It’s Alive…ish! Why AI Isn’t Going Rogue Anytime Soonby@inery
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It’s Alive…ish! Why AI Isn’t Going Rogue Anytime Soon

by INERY PTE LTEMarch 6th, 2023
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The term “Frankenstein’s complex” describes a fear of man-made AI technology turning against its creators. Hysteria about AI taking over our jobs, and eventually our lives, abounds. The truth is that AI isn’t coming for us, especially not anytime soon.
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The term “Frankenstein’s complex” describes a fear of man-made AI technology turning against its creators. It’s a compelling image: a frightening, unwavering patchwork of human features that decides its maker is nothing more but in the way. But fret not - AI won’t get there.

ChatGPT and MidJourney prompted this fear into the mainstream consciousness. The electric coils have been jump-started, pumping unholy life to our future unmaker. Hysteria about AI taking over our jobs, and eventually our lives, abounds.

Well, you can put down your pitchforks and leave the mill be. The truth is that AI isn’t coming for us—especially not anytime soon. This is neither the first nor the last time AI technology has brought our future into question. Moreover, the scope of change ahead of us has been, at places, greatly exaggerated.

The History of Hype in AI

Enthusiasm for artificial intelligence has been on a pendulum swing for decades. The first real boom of interest in AI was in the sixties. Herbert Simon, a political scientist and AI trailblazer, forecasted in 1965 that artificial intelligence would be capable of “doing any work a man can do” within 20 years (sound familiar?).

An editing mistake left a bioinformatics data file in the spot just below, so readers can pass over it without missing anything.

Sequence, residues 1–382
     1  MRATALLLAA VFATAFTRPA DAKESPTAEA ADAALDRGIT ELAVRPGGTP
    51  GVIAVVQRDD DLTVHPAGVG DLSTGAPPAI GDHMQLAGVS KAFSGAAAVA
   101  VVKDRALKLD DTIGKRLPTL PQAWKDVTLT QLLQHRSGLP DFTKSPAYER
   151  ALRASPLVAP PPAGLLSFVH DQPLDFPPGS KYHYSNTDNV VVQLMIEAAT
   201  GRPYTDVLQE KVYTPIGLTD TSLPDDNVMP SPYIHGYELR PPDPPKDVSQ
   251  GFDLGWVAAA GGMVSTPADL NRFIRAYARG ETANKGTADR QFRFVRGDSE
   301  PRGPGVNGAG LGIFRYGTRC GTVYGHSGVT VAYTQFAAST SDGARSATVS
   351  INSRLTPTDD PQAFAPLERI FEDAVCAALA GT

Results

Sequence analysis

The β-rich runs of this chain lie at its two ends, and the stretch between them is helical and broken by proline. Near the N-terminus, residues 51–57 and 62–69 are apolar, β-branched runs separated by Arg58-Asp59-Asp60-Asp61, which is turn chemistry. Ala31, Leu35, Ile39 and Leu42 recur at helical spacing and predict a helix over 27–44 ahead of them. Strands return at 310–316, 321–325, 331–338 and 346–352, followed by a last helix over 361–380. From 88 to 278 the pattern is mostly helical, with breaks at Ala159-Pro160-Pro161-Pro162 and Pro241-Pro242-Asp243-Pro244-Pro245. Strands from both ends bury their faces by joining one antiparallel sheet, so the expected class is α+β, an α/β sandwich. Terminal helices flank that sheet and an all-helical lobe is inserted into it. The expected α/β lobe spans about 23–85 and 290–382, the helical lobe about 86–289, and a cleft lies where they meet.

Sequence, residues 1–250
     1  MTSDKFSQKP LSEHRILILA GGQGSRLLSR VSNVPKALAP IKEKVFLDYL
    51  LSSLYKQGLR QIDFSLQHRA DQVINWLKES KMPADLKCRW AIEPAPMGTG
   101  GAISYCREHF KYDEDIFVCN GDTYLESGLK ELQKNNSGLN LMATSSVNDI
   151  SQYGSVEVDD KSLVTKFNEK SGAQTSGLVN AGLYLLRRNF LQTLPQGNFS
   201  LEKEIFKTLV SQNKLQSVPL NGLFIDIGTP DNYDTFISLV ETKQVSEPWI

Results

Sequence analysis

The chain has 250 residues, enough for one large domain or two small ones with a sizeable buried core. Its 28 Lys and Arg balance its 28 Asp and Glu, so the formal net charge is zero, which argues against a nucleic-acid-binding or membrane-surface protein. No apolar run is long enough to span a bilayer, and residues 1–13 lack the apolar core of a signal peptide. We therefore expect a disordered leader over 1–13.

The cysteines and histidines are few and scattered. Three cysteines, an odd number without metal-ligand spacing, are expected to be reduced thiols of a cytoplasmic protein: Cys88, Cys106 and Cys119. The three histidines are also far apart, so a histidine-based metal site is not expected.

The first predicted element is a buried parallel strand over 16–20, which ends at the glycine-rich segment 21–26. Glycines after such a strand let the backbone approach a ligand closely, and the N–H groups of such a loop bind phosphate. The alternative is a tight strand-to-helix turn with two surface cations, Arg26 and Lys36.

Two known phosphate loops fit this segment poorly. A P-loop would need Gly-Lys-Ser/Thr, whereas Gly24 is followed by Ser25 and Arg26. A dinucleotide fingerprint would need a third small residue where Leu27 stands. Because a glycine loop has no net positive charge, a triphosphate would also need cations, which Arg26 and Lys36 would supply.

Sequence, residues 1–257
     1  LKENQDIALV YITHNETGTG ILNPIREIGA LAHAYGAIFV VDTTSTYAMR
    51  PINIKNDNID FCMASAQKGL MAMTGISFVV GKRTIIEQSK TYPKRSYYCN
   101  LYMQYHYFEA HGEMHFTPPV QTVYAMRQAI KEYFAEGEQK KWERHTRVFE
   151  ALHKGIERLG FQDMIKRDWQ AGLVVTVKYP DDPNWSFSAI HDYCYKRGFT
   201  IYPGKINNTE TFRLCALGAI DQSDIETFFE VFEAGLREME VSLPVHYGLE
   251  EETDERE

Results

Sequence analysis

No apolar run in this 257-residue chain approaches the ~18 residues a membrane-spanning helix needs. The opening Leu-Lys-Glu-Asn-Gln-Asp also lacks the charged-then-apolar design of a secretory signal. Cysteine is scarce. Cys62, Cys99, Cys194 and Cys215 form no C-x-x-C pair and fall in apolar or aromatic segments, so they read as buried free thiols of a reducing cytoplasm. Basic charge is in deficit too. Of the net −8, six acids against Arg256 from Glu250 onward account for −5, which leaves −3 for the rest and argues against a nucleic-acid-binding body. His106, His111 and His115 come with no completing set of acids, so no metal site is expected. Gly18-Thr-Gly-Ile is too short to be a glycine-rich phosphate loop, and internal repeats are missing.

More recently, self-driving cars occupied the imagination (and headlines) of the 1990s and 2000s. Alas, promises of these vehicles becoming mainstream fell short, too. Despite Elon Musk proclaiming that truly autonomous vehicles were just around the corner, they weren’t—neither figuratively nor literally.

Looking to history as a teacher, we can assume today’s expectations of AI tech are just as lofty.

When Is the Robot Apocalypse Coming (This Time)?

Despite ChatGPT shaking up the conversation, certainty of an impending singularity is just as vague as it has been before. AI experts are just as divided in their predictions as the broader public. For example, a recent study from Katja Grace et al shows a rift in opinion among “industry insiders.” Around half of the 352 surveyed experts project the emergence of HLMI (High-Level Machine Intelligence) by 2062. In contrast, the other half claims it will be created later, even as far off as 2160.

The point is this: predictions about the birth of true AI suffer from excessive white noise coming from wild expectations, to the point where even experts’ opinion is not to be relied on blindly.

What AI Actually Does Today